Set the timing right for your innovation challenges

Now that you have identified your key innovation challenges and built them properly, remember to set the timings. Not only does the commitment to a deadline make participants focus, but this also helps you when defining goals with realistic deadlines.

Still, this does not mean one-time, finite initiatives or efforts. As one of our client says, ‘Innovation requires a lot of work, not only to describe ideas well but also to develop them.’ This is true from ideation through to collaborative idea improvement and implementation. For optimal results, you also have to roll-out an appropriate, ongoing communication plan, as described before, establishing medium- to long-term commitment to the project and implementing top ideas as you move forward.

Each cycle end further gives you the time you need to concentrate on implementation, evaluate the initiative, make improvement, tweak ideas and prepare to launch the next cycle of challenges.

THESE ACTIVATION QUESTIONS CAN HELP YOU:
  • How much time do we need to address this challenge?
  • Is a solution reachable within a two to three-month challenge? Or should we break down the challenge further?

Diana Neves de Carvalho, Exago’s CEO/ dnc@exago.com
Francisco Bernardes, Exago’s head of Innovation Services/ fmb@exago.com

READ MORE:
Five key dimensions for building your innovation challenges

FROM THE START:
Your ultimate innovation challenge – what works and what doesn’t

Are you building your innovation challenges right?

Having identified your key innovation challenges – aligned with your company’s higher purpose and strategic goals and made attainable, useful and targeted – it’s time to focus on describing them plainly and completely, to guarantee you’ll get meaningful content:

  • Make your innovation challenges as specific as you can: Break down the challenge’s macro theme into smaller challenges. We’ve learned that the narrower the scope of the challenge, the more imaginative the audience becomes, thus the more meaningful the ideas you’ll secure.
  • Clearly state and justify the need for a solution: Explain why exactly we can all benefit from this challenge.
  • Contextualise the problem and share the findings: Try to understand what has been done within that precise topic in the past, by your company and other competitors. Background checking can recall opportunities, dismiss dead ends and provide key ways to explain the innovation challenge in more detail to participants.
  • Promote ideation with related insights: These last are very useful tools to share the learning process and background details with participants.
  • Make sure also to respect grammar and orthography and send out clear messages:
    • Communications of challenges must use correct syntactic structures and clear sentences.
    • Vocabulary has to be familiar to participants. Business or technical jargon may seem obvious to you. Don’t assume it is to others.
    • Direct questions are a good option, when used in a positive way. This is true even for more driven exploration challenges.

If people do not understand the challenges they face, how can you expect them to participate? Unclear language will also compromise your audience’s future participation.

Here’s a client insight on the subject:

‘It’s very important to add insights and share them in ways we know will mean employees will check these insights.

Usually, our insights include descriptive information provided by the area that manages the subject, including some statistical data. We want to make sure our teams understand the challenges, particularly when these are more complex, and avoid the submission of ideas that we have already implemented or discussed.

Imagine the challenge “How to encourage SMEs [small and medium-sized enterprises] to set up online stores?”: In this case, we would present statistical information on SMEs in our country, explaining how many there are, what their types are and so on, so that employees understand the target better. Also, we would mention our company’s current offer for these customers, changes and improvements that have already been planned and possible tempting proposals that have been analysed but are not yet in the market (i.e. trying to ward off those apparently obvious ideas).’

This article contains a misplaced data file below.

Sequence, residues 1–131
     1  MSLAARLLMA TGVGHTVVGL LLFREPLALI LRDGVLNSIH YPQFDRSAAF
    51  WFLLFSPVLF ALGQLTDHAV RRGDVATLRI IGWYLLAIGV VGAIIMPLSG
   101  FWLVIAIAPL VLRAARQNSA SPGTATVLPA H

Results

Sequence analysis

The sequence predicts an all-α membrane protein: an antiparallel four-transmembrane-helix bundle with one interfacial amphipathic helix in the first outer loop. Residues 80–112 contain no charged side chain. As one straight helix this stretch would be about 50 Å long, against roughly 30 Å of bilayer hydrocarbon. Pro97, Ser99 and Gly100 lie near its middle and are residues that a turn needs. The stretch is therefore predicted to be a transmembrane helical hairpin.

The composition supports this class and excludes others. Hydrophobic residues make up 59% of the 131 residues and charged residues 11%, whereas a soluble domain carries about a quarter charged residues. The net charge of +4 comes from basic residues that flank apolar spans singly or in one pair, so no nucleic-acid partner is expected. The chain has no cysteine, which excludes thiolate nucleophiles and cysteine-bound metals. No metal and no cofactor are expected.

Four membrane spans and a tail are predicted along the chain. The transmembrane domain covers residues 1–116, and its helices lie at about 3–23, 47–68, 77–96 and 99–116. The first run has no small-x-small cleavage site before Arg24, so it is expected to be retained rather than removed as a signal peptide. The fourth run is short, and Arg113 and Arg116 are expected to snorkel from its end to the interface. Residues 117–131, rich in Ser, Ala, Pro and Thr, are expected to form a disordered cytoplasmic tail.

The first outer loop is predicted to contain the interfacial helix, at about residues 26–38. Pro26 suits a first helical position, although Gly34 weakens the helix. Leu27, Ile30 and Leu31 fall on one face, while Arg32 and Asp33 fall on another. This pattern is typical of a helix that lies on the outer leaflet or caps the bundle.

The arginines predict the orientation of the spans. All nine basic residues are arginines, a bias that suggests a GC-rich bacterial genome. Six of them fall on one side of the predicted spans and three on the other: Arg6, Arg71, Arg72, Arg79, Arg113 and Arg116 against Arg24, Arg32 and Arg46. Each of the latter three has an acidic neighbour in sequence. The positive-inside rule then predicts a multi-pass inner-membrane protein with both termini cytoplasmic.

Finally, try these activation questions:

  • Am I saying clearly how we can all benefit from this challenge?
  • Is this really one or more challenges? If so, which ones?
  • Are we asking the right questions?
  • What other approaches were attempted in the past?
  • Are we providing enough insights to power ideation?

 

READ MORE:
Set the timing right for your innovation challenges

FROM THE START:
Your ultimate innovation challenge – what works and what doesn’t

Diana Neves de Carvalho, Exago’s CEO / dnc@exago.com
Francisco Bernardes, Exago’s head of Innovation Services / fmb@exago.com

How to mobilise the right audiences for innovation challenges

When putting your innovation challenges together, make sure you have a complete plan with clearly defined, targeted audiences, across cultures and business units, as well as key messages, frequency expectations and a communication and incentives strategy. The overall point is to know and hit your targets:

• Target your skills and expertise first: Within your organisation, you almost certainly have people with different types of expertise, from several areas of knowledge, studies and work fields and with different conceptual and practical know-how. It’s this diversity and richness that you want to connect to, and focus on, real business problem-solving. Still, according to your challenge’s specificities – more or less technical and more or less field-related – you may have to engage more restricted groups within your organisation, such as engineers, lab technicians, machine operators and analysts. You may also need to look outside your company’s walls to include suppliers, external experts and other stakeholders. Your innovation tools should allow you to do just that.

• Ask yourself what you are mostly looking for: The framework shown below may be of use to identify your challenge goals and target community.

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• Remember innovation challenges do not capture all individuals’ interest in the same way: You have to create empathy, establish almost an emotional commitment. This is also of critical importance in geographically spread-out organisations. For example, inefficiency in a headquarter compound’s energy use in Switzerland is probably completely irrelevant to the same company’s Peruvian employees. Although corporate challenges need to intersect your entire organisation, remember to align them to local reality, also making room for more explicit priorities within specific industry and geographic focuses.